Bolstered by a combination of improving global growth and strengthening corporate earnings, global equity markets continued to grind higher in the first half of 2017, with the MSCI ACWI Investable Market Index (IMI) gaining 11.32% in U.S. dollar terms for the six-month period.*
Global Economic Expansion Broadens
Aggregate global corporate revenue results from the most recent earnings season indicate that the ongoing global economic expansion is broadening. Revenue growth accelerated in many areas that had already been strong, including Europe, which benefited from renewed strength in the industrials sector.
Emerging Markets Lead
The best performers in the first half of 2017 were non-U.S. equities, led by the 18.11% advance in emerging market equities, as measured by the MSCI EM IMI.*
Emerging markets were led during the period by larger Asian nations, including China, India, Korea, and Taiwan, which saw a strong rally in technology shares.
Mexico also outperformed on the back of the resurgent peso, which regained all of the ground it had lost versus the U.S. dollar in the wake of Trump’s election victory as his administration toned down its rhetoric.
Among other primary emerging market countries, Brazil and Russia significantly underperformed. Russia was hampered by the weaker oil-price environment. Brazilian equities were shaken in May by new corruption allegations against President Temer, which threatened to derail his presidency and the country’s fragile economic recovery.
Weaker Dollar Provides Tailwinds
The U.S. dollar reversed all of the gains it made after the U.S. presidential election, providing a significant tailwind to non-U.S. equity returns. The euro, sterling, and yen all appreciated versus the U.S. dollar during the six-month period. Improving growth and inflation outlooks contributed to non-U.S. currency strength to varying degrees.
Interest-Rate Policy Ignites Rallies
Coordinated statements from the Bank of England and European Central Bank set the stage for a withdrawal of stimulus measures, and the prospect for interest-rate-policy normalization in the these areas ignited a rally in both the pound and euro at the end of June.
Healthcare, IT, and Industrials Outperform; Energy Sinks
Healthcare, information technology, and industrials were the top-performing sectors during the first half of 2017, as measured by the MSCI ACWI IMI.* In contrast, the energy sector lagged significantly amid a pullback in oil prices, driven by concerns of oversupply conditions and lackluster demand.
Style Favorites Rotate
From a global style perspective, William Blair’s proprietary quantitative model demonstrated a rotation from low-valuation market leadership earlier in the year to a more balanced style backdrop in the second quarter. Quality, earnings trend, and momentum factors (as measured by top quintile minus bottom quintile model returns) were favored.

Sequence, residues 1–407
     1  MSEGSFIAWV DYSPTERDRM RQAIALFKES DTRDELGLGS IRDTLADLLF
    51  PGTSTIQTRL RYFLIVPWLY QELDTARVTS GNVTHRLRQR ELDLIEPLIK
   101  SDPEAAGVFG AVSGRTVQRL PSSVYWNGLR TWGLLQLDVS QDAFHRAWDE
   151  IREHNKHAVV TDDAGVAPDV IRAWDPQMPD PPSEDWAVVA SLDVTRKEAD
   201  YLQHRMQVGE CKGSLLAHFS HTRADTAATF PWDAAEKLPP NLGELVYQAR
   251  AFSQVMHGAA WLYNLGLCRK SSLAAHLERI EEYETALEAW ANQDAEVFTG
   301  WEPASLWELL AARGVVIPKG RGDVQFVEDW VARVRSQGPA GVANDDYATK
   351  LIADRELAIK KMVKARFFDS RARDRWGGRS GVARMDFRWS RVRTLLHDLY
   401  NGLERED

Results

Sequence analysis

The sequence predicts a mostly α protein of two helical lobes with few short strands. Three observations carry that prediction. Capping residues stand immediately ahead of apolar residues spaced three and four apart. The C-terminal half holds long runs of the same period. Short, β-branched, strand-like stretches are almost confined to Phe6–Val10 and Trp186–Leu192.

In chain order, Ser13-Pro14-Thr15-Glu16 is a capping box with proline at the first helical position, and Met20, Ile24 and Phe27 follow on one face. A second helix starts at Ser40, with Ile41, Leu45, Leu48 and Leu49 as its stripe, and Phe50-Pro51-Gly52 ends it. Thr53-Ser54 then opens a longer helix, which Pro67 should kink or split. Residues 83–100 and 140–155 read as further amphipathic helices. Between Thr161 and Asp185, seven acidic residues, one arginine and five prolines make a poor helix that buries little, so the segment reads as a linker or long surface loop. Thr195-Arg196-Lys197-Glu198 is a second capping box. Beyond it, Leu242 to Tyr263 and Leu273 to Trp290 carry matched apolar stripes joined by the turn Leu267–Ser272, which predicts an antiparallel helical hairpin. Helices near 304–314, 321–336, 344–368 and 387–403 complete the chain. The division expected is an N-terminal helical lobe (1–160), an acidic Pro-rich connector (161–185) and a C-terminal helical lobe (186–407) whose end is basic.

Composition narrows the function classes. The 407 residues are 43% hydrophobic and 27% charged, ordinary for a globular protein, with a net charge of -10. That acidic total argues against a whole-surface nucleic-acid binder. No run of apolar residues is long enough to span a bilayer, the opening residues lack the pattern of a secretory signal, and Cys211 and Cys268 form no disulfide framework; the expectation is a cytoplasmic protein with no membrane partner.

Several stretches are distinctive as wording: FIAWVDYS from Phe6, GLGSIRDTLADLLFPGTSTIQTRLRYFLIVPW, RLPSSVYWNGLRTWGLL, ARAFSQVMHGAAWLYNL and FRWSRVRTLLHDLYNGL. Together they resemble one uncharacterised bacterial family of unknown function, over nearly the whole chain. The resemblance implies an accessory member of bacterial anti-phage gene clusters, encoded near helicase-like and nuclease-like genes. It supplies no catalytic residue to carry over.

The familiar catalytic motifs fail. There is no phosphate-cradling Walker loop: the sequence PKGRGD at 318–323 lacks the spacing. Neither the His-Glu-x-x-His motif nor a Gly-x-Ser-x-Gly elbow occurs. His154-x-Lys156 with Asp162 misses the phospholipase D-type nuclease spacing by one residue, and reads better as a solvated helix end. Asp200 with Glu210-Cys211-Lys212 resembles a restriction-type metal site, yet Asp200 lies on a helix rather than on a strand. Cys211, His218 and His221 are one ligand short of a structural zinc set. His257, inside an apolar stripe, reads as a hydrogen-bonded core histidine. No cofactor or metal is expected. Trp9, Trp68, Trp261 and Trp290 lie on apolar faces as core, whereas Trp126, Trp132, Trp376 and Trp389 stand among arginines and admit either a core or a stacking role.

Looking forward to the second half of 2017, economic expansion favors more active stock selection across all sectors. We continue to see upside risk to nominal growth and have generally positioned toward companies with rising earnings prospects that we believe are not fairly reflected in valuations.
From a regional perspective, Europe appears more attractive than the United States, where economic expansion is more advanced. Robust revenue performance for European machinery companies bodes well for investment and industrial production growth.
Beyond improved corporate performance, the outlook for Europe has been supported by reduced political risk following the French presidential and parliamentary elections, which have raised expectations for pro-market labor reforms and ignited hopes of a more unified European Union.
In the emerging markets, valuations remain relatively favorable based on forward price-to-earnings multiples despite the first-half market rally, reflecting positive earnings revisions. After stagnating the last few years, corporate earnings in emerging markets are forecast to increase at a double-digit pace this year. From an external balance perspective, emerging market currencies have already depreciated and current account deficits have moderated.
Key risk factors for emerging markets are a strengthening U.S. dollar and acceleration in U.S. interest-rate hikes, in addition to protectionist measures that impede global trade. Concerns about China’s capital outflows and currency management have moderated following the government’s efforts to combat capital flight this year.
The People’s Bank of China has stated that it will continue to keep liquidity in the financial system stable, relying more on market-based policy tools to adjust liquidity and market interest rates.
*Net of withholding taxes on dividends.